Mahindra Agri Solutions Ltd., a subsidiary of Mahindra & Mahindra Ltd, part of the USD 20.7 billion Mahindra Group, today inaugurated its grape packhouse facility in Nashik. The facility was inaugurated by Dr. Pawan Goenka, Managing Director of Mahindra & Mahindra Ltd.
The grape packhouse facility is one of its kind in India and features the latest technologies that are available in post-harvest management of grapes. The grape packhouse facility will be instrumental in maintaining the freshness of the grapes, through an effective cold chain, from its arrival into the facility till it reaches customers in overseas markets.
According to Dr. Pawan Goenka, Managing Director, Mahindra & Mahindra Ltd., “The inauguration of this modern Packhouse is another significant step for our Agri Business. This facility is a testament to the ‘Make in India’ initiative and will further the cause of Delivering FarmTech Prosperity by helping Indian growers meet stringent global quality standards.”
Speaking at the inauguration of the new facility in Nashik, Ashok Sharma, MD & CEO, Mahindra Agri Solutions Ltd., said, “We are delighted to bring this state-of-the-art packhouse for all the stakeholders in the grape value chain. This model facility will go a long way in building the confidence of international customers. With avant-garde refrigeration, processing and packing technology, this packhouse will enable us to ensure the highest quality supplies as per global standards.”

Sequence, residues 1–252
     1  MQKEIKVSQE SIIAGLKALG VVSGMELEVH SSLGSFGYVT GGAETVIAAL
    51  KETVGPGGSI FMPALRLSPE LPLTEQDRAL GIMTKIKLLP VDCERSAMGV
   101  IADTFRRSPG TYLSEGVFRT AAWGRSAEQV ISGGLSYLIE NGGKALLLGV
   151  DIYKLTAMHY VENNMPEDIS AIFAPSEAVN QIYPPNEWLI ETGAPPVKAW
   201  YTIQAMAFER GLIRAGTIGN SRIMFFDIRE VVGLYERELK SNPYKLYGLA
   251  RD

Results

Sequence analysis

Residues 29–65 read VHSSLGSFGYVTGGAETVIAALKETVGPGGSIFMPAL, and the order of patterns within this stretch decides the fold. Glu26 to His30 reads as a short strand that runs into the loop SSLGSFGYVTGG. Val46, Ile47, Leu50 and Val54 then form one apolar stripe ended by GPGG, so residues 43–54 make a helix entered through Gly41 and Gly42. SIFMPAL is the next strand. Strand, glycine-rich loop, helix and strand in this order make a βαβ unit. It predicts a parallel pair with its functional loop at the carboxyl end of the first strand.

The Grape Packhouse facility can pack 90 tons of grapes per day and has been certified by international bodies such as BRC (British Retail Consortium), Fairtrade, SMETA (SEDEX), and the RFA (Rainforest Alliance) besides domestic certification by FSSAI and APEDA. The facility is housed within 6.5 acres of land with a total build up area of 75,000 sq ft. It has twelve pre-cooling chambers and 280 MT of cold storage capacity.
Sustainability is at the very core of this Mahindra grape packhouse facility. Energy efficient LED lights have been installed at all places and there is also a provision for captive solar power generation. A rain water harvesting system has been installed to collect and store upto 7 million litres of water. Amongst other sustainable solutions, there is an in-house sewage treatment plant which provides usable non-potable water for myriad purposes including gardening.